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Howard Carter and Tutankhamun
Published in Al-Ahram Weekly on 26 - 04 - 2018

In November 2022, the world will celebrate the centenary of the discovery of the tomb of the ancient Egyptian boy-king Tutankhamun on 4 November 1922. In Egypt, we should begin preparations to mark this occasion now. We should also appoint a committee to organise a magnificent event to mark the opening of the Grand Egyptian Museum (GEM) on the Giza Plateau, inviting world leaders to celebrate.
We should also commission a new opera, something like Verdi's Aida that marked the opening of the Suez Canal. Aida was originally the idea of Auguste Mariette, head of antiquities in Egypt at the time. Today, I think there should be a new opera commissioned to mark the centenary of the discovery of the tomb of Tutankhamun. There should be a further celebration in the Valley of the Kings at Luxor in front of the tomb itself. Capital cities across the world should be brought in to celebrate the centenary of the greatest archaeological discovery the world has ever seen.
Minister of Antiquities Khaled El-Enany made a major decision when he sent out a new exhibition of objects from Tutankhamun's tomb on a world tour. Egypt will gain great publicity as a result, and the exhibition will help bring tourists back to Egypt and make a political statement by demonstrating to the world that Egypt is secure and safe for visitors. The exhibition will also raise funds for the GEM, and it will provide opportunities for Egyptian archaeologists worldwide.
On the day of the centenary we should also remember the great man who made the discovery, the British archaeologist Howard Carter. I respect the work that this great archaeologist did in his excavation of the tomb. On my last visit to London, I went to visit his grave in Putney Vale Cemetery, where I was surprised to see the following statement written on the grave: “May your spirit live, may you spend millions of years, you who love Thebes, sitting with your face to the north wind, your eyes beholding happiness.” Another line read “O night, spread thy wings over me as the imperishable stars.”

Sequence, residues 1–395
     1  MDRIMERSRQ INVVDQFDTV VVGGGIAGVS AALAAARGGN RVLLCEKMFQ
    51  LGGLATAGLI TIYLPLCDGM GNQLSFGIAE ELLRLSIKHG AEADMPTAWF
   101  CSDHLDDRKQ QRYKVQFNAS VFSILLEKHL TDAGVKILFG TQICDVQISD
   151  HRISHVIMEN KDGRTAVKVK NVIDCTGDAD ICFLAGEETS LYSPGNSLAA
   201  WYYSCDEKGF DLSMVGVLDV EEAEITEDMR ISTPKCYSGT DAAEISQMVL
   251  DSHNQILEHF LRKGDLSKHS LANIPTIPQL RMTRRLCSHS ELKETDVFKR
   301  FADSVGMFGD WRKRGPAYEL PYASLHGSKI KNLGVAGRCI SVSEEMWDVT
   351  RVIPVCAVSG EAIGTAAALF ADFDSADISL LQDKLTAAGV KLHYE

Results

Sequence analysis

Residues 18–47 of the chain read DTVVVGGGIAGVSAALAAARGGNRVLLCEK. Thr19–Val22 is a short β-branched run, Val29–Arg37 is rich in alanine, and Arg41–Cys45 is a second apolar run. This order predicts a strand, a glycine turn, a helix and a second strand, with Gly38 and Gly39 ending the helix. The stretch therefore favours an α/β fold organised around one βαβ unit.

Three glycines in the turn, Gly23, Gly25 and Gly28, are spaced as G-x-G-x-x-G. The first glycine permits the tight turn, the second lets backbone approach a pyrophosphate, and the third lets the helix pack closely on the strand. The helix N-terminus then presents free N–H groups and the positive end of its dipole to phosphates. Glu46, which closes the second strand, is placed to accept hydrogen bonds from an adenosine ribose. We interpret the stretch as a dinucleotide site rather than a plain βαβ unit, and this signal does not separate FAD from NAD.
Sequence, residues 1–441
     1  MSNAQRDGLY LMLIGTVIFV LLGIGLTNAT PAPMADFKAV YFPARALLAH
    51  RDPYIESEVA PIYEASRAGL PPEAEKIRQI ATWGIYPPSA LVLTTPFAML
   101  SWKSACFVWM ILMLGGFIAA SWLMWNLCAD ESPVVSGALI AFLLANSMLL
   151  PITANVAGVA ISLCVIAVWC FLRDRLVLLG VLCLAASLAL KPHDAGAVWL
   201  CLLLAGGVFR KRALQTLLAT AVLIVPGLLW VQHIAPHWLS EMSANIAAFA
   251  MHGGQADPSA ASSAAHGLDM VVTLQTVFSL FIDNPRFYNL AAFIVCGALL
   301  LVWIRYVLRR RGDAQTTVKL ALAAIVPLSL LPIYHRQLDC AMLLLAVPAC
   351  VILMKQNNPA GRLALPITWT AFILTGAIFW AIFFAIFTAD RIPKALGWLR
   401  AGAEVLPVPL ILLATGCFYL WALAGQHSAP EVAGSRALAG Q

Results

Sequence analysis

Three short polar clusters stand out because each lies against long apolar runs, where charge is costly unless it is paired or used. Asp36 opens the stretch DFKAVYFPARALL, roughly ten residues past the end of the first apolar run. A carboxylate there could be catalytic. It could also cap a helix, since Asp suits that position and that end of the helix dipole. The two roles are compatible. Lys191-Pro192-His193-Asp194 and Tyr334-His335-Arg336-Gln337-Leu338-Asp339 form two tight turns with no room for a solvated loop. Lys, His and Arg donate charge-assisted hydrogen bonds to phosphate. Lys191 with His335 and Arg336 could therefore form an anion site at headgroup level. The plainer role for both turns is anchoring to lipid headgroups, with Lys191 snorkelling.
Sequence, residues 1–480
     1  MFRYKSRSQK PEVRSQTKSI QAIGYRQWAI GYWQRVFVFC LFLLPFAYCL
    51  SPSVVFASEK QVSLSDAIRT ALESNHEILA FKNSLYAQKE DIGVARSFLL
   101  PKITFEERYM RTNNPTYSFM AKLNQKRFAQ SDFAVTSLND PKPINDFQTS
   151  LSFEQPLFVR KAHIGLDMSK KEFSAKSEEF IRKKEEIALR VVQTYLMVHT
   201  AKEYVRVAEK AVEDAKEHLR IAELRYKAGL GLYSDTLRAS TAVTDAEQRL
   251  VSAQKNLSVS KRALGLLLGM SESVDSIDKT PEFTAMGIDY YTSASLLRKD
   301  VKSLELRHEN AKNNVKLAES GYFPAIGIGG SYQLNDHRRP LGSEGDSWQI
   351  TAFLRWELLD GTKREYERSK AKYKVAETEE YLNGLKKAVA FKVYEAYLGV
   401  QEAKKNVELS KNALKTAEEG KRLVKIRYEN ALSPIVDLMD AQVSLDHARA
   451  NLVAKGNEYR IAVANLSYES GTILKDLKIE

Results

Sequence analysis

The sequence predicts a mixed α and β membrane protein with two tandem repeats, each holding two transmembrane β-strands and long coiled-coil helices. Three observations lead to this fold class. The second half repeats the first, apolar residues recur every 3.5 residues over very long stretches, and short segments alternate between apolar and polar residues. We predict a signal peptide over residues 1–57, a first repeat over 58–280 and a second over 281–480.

The first statement was carved on the wishing cup of Tutankhamun, and it seems that Carter's favourite piece from the tomb was this alabaster cup. The second line is often found on the lids of coffins from the Ancient Egyptian New Kingdom and is part of a prayer to the goddess Nut, the goddess of the sky.
Although Carter has received the credit for discovering the tomb, there is also a secret hero in the story of the discovery. In the fifth year of the search for the tomb, Hussein Abdel-Rasoul, 12 years old at the time and a member of the Abdel-Rasoul family that had found a cache of royal mummies in 1871, was hired to bring water to the site in jars carried on a donkey. While Hussein was digging a hole in the ground in order to accommodate the pointed base of one of the jars, he found a flat patch of stone, which turned out to be the top step of the entrance to Tutankhamun's tomb.
He ran to the tent where Carter was sitting and told him what he had found. Carter ran after him, and when he saw the entrance he smiled the smile of victory. Later, he asked his photographer, Harry Burton, to put one of the necklaces found in the tomb around Hussein's neck, and Burton took a photograph of him. Hussein never had another job after the death of Carter in 1939. He used to take the photograph and stand in front of the Ramesseum on the west bank of the Nile at Luxor and show it to the tourists. He did this until he was 80 years old, and when he died, his sons inherited this photograph of their father holding his photograph with the necklace as a 12-year-old boy.
Carter's discovery, soon to be 100 years old, changed the field of Egyptology forever. Now every tourist who visits Egypt wants to see Tutankhamun, the golden boy-king who has captured the hearts of people all over the world.

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